A lab is very dynamic by nature. In stark contrast, data center infrastructure is engineered to be as static as possible once it is configured. So naturally when you have a data center lab you it’s only a matter of time before you come across weird anomalies just from the act of constantly making configuration changes, version updates, bringing systems online, taking systems offline… you get the picture.

I switched NSX network virtualization versions so many times that weird artifacts like N-VDS switches would not go away even when deleted. As I poked around the esxi hosts from a shell I even saw remnants of NSX-V which I deleted years ago! It was time to clear out all of my vSphere hosts of all things NSX.

So my specific situation is that my NSX-T unified manager failed along with many edge nodes. I was not able to uninstall from the NSX-T user interface. Instead I logged into each ESXi host individually and did the following:

Its actually quite easy.

  1. SSH into your first host.
  2. Put the host in maintenance mode.
  3. List all NSX, NSX-T related files with this command.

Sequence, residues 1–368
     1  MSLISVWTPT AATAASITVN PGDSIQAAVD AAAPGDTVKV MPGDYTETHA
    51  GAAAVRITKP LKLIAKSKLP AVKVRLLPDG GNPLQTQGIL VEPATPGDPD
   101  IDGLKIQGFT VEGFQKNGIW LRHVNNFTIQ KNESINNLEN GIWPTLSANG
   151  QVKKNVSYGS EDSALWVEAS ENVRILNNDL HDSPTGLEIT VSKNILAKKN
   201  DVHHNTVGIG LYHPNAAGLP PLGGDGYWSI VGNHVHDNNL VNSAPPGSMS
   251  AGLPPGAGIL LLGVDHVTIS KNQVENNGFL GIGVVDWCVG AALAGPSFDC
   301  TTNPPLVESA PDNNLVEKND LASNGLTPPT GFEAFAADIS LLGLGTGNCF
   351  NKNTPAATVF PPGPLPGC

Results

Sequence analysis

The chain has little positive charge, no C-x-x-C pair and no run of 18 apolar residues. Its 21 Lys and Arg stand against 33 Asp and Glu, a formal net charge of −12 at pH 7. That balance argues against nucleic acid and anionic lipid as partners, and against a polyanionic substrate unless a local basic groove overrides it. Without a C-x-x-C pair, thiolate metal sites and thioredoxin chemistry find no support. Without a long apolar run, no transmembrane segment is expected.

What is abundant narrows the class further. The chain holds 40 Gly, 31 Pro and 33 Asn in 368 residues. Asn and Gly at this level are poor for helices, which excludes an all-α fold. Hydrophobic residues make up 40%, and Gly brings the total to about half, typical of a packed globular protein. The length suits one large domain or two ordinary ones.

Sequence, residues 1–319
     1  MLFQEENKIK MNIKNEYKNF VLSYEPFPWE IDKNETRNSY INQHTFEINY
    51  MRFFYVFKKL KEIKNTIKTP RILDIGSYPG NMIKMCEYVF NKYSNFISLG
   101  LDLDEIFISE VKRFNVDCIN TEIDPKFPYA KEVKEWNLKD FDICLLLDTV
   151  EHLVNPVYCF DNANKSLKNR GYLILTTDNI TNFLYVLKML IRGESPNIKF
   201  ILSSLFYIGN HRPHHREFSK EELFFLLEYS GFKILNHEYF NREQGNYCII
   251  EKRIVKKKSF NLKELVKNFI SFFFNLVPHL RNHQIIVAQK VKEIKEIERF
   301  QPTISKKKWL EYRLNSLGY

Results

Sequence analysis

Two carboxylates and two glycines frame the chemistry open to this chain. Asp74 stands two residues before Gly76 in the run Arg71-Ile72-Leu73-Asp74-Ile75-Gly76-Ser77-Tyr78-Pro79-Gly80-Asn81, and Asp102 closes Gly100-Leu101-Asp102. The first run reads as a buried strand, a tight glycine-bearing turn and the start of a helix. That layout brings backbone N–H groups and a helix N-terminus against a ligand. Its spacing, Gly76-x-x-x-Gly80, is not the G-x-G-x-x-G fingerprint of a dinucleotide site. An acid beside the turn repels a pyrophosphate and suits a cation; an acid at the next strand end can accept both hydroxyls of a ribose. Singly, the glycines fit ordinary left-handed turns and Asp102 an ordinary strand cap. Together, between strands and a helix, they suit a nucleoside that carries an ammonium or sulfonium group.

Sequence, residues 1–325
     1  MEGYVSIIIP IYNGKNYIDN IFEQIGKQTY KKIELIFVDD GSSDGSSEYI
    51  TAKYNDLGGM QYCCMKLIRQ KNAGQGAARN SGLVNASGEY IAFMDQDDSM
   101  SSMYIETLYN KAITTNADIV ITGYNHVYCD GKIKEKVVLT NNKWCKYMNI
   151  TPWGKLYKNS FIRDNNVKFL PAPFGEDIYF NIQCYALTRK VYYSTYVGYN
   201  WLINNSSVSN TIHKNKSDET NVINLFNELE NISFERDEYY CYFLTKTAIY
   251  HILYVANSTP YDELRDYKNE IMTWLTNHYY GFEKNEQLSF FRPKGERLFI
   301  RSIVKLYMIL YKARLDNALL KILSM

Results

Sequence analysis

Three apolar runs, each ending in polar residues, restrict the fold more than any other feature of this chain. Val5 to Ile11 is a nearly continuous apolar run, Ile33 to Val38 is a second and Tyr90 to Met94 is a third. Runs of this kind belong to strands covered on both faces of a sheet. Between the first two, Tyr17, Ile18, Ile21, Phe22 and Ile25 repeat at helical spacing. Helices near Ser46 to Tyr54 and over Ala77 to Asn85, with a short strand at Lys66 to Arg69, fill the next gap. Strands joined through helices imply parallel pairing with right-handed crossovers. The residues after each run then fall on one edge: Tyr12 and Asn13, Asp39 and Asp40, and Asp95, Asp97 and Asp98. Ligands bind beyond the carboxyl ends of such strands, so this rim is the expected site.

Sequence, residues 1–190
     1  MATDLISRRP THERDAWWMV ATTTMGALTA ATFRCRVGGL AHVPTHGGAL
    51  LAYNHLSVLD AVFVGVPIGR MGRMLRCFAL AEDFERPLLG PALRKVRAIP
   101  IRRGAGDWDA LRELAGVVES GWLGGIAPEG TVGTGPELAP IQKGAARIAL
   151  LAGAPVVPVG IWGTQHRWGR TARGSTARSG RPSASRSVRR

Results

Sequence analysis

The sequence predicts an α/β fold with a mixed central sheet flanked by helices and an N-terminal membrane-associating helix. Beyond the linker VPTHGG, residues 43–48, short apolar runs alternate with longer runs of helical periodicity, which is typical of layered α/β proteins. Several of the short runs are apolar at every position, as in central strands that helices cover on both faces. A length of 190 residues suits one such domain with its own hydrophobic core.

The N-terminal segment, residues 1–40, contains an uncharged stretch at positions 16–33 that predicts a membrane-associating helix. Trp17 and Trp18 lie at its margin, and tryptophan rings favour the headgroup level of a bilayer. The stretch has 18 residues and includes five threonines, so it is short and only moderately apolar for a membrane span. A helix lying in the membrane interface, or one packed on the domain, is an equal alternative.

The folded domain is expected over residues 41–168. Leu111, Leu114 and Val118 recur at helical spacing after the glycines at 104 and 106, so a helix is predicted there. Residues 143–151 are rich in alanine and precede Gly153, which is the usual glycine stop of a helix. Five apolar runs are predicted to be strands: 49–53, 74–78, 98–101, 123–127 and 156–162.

• esxcli software vib list | grep -E 'nsx|vsipfwlib'
  4. If there are still any VMs attached to any NSX networks, detach them in vcenter.
  5. Delete all NSX or NSX-T packages and files with this command
    • nsxcli -c del nsx
  6. A warning will pop up asking that you check to make sure no NSX networks are still attached to a vm & maintenance mode.
  7. type yes and hit return.
  8. after about 30 seconds all NSX networks are gone from the host and if you re-run the command in step 3 nothing will show up.
  9. ***NOTE you may have to wait another minute for all of the packages to be removed before running the command in step 3 again.

You will have to log into each of your hosts one by one and repeat this process, but it does work cleanly.

Aliens? Any thoughts?

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